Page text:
The dashboard isn’t the only innovative LCD screen in the XJ either as the 8in centre console display has a neat trick up its sleeve too. Like the dashboard, the central screen is clear and crisp, and is not affected by polarized lenses either. But this screen’s real party piece is its dual view feature.
The central screen is designed so that the driver and the passenger can be looking at two completely different things. The idea is that while the driver has got the sat-nav up on the screen, the passenger can be watching a movie. What you’ve got is, essentially, two different screens that make up alternate columns of pixels, which are then angled towards either the passenger or the driver. The result being that each occupant can only see the lines of pixels that are angled towards them.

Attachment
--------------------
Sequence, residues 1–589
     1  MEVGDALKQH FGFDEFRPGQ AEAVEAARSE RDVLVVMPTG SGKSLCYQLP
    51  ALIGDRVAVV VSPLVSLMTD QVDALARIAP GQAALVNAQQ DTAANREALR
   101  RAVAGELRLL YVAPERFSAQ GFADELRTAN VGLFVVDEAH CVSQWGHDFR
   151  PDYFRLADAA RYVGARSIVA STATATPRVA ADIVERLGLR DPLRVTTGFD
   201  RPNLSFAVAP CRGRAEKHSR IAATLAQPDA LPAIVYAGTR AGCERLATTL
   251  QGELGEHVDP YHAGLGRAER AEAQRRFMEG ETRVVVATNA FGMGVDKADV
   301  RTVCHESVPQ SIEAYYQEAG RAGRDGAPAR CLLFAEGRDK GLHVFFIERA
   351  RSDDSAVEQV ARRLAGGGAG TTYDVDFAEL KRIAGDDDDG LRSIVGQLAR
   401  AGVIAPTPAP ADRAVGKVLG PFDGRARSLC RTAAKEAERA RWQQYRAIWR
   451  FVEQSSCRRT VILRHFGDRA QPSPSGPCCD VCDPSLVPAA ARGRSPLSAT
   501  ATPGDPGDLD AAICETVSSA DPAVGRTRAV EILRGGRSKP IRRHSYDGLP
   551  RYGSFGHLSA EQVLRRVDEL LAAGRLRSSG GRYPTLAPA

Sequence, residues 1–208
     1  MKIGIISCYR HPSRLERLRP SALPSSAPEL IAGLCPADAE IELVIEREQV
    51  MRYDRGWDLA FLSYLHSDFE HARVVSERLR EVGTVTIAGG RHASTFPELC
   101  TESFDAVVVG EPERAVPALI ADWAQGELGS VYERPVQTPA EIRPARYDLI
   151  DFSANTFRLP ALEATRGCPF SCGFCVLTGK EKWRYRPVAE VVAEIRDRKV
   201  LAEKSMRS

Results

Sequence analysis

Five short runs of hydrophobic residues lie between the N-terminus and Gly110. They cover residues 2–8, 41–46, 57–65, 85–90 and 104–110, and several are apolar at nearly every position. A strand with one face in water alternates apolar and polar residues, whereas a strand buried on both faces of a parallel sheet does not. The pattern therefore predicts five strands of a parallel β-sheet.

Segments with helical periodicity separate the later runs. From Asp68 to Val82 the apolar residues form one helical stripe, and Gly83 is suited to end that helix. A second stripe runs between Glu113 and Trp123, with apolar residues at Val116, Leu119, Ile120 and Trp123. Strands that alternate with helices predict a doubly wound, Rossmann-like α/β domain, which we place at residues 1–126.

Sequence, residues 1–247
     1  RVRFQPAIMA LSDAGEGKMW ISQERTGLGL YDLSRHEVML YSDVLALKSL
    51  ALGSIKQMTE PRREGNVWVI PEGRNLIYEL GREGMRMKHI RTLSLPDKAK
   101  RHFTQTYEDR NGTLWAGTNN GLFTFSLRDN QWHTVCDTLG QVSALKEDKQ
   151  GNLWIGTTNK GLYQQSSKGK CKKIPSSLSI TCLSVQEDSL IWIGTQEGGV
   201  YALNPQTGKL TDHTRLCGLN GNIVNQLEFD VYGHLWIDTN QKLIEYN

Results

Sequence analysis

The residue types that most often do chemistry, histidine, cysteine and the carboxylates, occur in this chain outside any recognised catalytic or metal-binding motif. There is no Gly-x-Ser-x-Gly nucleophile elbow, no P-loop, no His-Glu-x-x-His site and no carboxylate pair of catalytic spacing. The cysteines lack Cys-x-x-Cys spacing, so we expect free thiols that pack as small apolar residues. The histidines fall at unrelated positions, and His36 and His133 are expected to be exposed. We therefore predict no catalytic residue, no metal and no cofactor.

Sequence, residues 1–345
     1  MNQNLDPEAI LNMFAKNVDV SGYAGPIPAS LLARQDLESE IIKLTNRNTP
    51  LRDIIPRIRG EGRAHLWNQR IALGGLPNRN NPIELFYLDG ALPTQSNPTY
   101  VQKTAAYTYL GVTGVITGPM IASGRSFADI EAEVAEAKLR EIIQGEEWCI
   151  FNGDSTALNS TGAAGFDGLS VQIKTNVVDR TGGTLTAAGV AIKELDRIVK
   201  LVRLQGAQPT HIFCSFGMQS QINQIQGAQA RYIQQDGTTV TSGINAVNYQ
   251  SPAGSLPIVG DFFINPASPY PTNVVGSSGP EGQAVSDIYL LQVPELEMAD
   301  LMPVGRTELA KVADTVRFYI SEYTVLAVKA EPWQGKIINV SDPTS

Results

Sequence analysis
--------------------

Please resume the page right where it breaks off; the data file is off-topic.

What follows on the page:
Of course you don’t have to use dual view, and for the most part you’ll probably leave the same display viewable from both sides, allowing both driver and passenger to access the car’s plethora of infotainment options. Navigating the system is simple with a full touch-screen interface. The menu structure is similar to that seen in the XF and XK, but slightly more advanced.
Everything is a few screen taps away, whether that be deciding what music source you want to listen to, adjusting the climate control, entering a destination in the sat-nav, or warming up the heated seats.
The navigation system worked flawlessly while I was trekking around France in the XJ, giving clear and well timed instructions, while the map display in the dash helped ensure that I never missed a turning. Unfortunately I can’t testify how well it copes with UK roads, but considering that the system I used in previous Jaguars was excellent, and offered full seven digit postcode support, I expect the XJ to be at least as good.
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